Although many market observers believe U.S. dollar bullishness will cool a bit this year, few are willing to overtly call for an outright decline in the greenback. One way of looking at that scenario is that foreign currencies and the related exchange traded funds could suffer further declines against the U.S. dollar.
The Canadian dollar the CurrencyShares Canadian Dollar Trust (NYSEArca: FXC) are already reflecting as much. After ranking as one of the worst-performing developed market currencies last year, the Canadian dollar slumped to its lowest levels in more than 12 years Tuesday, sending FXC to an all-time low in the process.
The Canadian dollar has been suffering as oil, a major export for the economy, declined to 11-year lows. However, SocGen believes that oil-related currencies could recover next year as oil prices rebound. [OPEC Tries to Give Oil ETFs Some Good Cheer]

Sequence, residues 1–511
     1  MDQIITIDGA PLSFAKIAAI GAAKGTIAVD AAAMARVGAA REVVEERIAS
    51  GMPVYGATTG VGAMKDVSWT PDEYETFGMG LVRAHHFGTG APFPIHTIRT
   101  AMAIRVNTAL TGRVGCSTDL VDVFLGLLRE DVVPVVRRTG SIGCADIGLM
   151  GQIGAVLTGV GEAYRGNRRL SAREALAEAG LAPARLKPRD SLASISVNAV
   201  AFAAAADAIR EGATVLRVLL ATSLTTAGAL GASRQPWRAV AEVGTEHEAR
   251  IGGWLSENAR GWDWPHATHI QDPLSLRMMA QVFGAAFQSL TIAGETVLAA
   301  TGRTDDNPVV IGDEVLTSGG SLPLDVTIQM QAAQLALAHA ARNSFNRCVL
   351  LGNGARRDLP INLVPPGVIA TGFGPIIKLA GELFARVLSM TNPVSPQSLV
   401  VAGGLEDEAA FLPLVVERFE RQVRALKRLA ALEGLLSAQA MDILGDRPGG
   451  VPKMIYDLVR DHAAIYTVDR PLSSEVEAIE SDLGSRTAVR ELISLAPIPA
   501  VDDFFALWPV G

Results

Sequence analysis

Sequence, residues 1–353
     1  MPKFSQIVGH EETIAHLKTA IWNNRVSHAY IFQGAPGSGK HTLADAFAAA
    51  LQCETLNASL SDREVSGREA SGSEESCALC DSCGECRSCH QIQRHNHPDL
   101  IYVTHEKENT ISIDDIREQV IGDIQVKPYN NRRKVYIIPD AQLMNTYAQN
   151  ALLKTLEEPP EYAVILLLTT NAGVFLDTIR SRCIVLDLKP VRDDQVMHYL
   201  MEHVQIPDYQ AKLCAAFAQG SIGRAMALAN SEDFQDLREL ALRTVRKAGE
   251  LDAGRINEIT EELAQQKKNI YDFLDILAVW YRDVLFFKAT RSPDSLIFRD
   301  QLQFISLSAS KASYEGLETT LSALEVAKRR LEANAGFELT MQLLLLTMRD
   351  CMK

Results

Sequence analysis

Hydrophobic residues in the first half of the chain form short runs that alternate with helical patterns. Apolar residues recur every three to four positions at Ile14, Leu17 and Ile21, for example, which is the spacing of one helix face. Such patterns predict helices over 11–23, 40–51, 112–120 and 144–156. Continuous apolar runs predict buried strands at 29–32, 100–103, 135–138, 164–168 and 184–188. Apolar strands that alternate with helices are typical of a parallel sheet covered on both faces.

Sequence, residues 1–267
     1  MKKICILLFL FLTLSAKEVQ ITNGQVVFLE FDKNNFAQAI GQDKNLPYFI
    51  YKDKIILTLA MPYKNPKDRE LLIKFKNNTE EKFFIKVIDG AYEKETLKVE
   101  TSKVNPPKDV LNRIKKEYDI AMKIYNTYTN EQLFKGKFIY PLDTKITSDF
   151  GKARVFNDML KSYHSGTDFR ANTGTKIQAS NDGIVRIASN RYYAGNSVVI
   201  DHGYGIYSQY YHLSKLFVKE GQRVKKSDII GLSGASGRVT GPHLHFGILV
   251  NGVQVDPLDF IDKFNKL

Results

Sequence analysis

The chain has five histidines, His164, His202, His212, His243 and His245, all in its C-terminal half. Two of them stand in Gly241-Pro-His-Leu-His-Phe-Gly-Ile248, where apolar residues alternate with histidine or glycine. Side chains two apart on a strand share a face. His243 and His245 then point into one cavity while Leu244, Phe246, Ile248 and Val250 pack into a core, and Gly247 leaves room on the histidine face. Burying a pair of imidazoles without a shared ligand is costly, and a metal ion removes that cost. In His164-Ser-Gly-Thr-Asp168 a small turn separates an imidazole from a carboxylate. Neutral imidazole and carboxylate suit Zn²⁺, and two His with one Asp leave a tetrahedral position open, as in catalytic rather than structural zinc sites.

Some observers have warned of a bubbling real estate sector, and traders have bet against Canadian real estate through shorting Canadian banks. In the meantime, the national median home price continues to climb to all-time highs. We will have to monitor how the government plans to engineer a soft landing for the real estate market in an attempt to mitigate a potential fallout. [Tepid Response by Canada ETFs to Surprise Rate Cut]
“Canada’s gross domestic product can be expected to grow about 1.5 percent in 2016, with 0.5 percent coming from exports and 1 percent from domestic demand, said Douglas Porter, chief economist at Bank of Montreal. That compares with an average forecast of 1.8 percent, according to estimates compiled by Bloomberg,” reports Allison McNeely for Bloomberg.